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INSIGHT: D.C. Circuit Upends SEC’s Low ‘Willful’ Standard for Securities Violation

May 29, 2019, 8:00 AM

For more than 50 years, the Securities and Exchange Commission (SEC) has relied primarily on two circuit court decisions to apply a surprisingly low standard of what constitutes a “willful” violation to a broad range of securities laws.

Over time, the SEC’s interpretation of willfulness has evolved to fall even below negligence, and the SEC has generally applied this standard in the context of settled orders where there is typically no judicial review. But in challenging an unfavorable decision in an SEC administrative proceeding, one litigant has upended this approach to willful violations.

In Robare Group Ltd. v. SEC, the D.C. Circuit held April 30 that there must be evidence of an individual’s or entity’s knowledge or “extreme recklessness” in order to find a “willful” violation. This could be difficult for the SEC to prove.

History of Willful Conduct

In Tager v. SEC, the SEC revoked the registration of a broker-dealer for willfully violating the anti-fraud and anti-manipulation provisions of Section 17(a) of the Securities Act of 1933 (the Securities Act). Tager had told investors that there was a market for stock underwritten by his company when in fact there was not.

In arguing on appeal that his conduct was not “willful” for purposes of the charged violation, Tager contended that willfulness for purposes of Section 17(a) requires a showing that he understood that his conduct was manipulative. The Second Circuit found this argument “wholly lacking in merit” as willful conduct merely requires “intentionally committing the act which constitutes the violation.”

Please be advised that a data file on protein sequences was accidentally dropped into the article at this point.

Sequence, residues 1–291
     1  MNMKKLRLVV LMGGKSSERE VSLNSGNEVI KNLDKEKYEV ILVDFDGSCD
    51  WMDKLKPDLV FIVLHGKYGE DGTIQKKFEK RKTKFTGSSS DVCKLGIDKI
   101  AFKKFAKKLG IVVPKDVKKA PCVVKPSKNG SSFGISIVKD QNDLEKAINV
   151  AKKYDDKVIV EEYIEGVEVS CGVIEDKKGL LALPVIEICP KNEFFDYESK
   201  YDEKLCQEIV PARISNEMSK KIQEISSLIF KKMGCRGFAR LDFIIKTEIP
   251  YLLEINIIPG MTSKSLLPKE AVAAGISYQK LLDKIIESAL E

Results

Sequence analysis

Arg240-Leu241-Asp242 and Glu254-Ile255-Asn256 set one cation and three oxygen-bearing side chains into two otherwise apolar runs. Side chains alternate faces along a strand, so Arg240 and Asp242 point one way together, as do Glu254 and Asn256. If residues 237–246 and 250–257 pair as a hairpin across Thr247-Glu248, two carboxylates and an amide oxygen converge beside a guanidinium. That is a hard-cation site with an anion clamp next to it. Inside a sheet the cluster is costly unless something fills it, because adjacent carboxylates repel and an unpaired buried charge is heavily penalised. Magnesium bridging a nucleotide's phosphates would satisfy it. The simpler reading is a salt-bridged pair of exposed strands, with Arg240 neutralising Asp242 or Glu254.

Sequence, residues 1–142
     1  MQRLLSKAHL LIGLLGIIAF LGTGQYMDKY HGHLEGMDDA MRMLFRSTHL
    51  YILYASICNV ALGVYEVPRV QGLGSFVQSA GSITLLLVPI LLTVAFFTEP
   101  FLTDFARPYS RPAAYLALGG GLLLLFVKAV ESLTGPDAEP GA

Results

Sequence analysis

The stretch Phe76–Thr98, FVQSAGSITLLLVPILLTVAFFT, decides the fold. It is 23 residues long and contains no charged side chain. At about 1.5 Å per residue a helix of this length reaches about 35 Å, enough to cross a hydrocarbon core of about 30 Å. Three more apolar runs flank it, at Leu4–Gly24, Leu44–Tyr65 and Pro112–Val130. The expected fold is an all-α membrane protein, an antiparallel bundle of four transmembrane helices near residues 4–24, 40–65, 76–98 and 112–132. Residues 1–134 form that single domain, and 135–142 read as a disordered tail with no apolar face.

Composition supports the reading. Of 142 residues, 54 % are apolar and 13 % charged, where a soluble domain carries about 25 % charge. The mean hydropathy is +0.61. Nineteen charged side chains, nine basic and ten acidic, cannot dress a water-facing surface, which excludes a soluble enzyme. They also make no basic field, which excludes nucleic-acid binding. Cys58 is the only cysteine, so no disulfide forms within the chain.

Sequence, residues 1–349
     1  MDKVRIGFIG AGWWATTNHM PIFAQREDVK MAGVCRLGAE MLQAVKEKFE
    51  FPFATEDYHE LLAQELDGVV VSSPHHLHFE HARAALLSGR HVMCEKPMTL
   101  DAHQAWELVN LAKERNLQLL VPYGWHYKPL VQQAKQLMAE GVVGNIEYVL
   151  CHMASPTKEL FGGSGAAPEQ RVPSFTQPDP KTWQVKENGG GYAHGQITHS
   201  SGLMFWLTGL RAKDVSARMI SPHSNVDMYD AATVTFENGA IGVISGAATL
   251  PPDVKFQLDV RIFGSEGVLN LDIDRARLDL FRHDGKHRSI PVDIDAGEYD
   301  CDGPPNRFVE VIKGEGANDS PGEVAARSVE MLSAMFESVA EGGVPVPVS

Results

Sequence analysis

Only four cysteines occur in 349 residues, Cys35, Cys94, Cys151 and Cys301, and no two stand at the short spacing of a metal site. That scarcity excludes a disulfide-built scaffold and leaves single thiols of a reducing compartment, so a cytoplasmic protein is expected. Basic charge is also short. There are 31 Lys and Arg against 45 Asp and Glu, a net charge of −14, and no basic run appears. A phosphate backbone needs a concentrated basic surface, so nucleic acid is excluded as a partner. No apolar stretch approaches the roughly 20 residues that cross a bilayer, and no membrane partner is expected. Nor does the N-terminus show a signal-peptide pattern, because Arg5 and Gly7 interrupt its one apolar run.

The D.C. Circuit later went further, holding that a party commits a willful violation even where that party some, albeit insufficient, efforts to claim a statutory exemption from generally prohibited activity.

In Wonsover v. SEC, the SEC sanctioned a former registered representative of a broker-dealer for selling unregistered securities in violation of Section 5(a) of the Securities Act, which does not require scienter. Although Wonsover knew that the shares he sold were restricted, he asserted that he believed they qualified for an exemption from Section 5(a)’s general prohibition of sales of restricted shares.

Indeed, Wonsover took certain steps—including directing the sales through his employer broker-dealer’s Restricted Shares Department—that he argued demonstrated his efforts to determine whether such an exemption applied.

Nevertheless, the SEC found that Wonsover had ignored several “red flags” associated with the stock sales that should have alerted him to such stock not being covered by any registration exemption. After concluding that substantial evidence supported this finding, the D.C. Circuit held that Wonsover acted “willfully” for purposes of Section 5 of the Securities Act by proceeding with stock sales without conducting a “searching inquiry” of such “red flags” before relying on such an exemption.

In reaching this conclusion, the panel in Wonsover quoted its precedent interpreting the very statutory provision at issue. In these prior decisions, the D.C. Circuit had rejected arguments that either knowledge or reckless disregard were required; all that is required is that “that the person charged with the duty knows what he is doing.” Furthermore, there is no requirement that the actor “also be aware that he is violating one of the Rules or Acts.”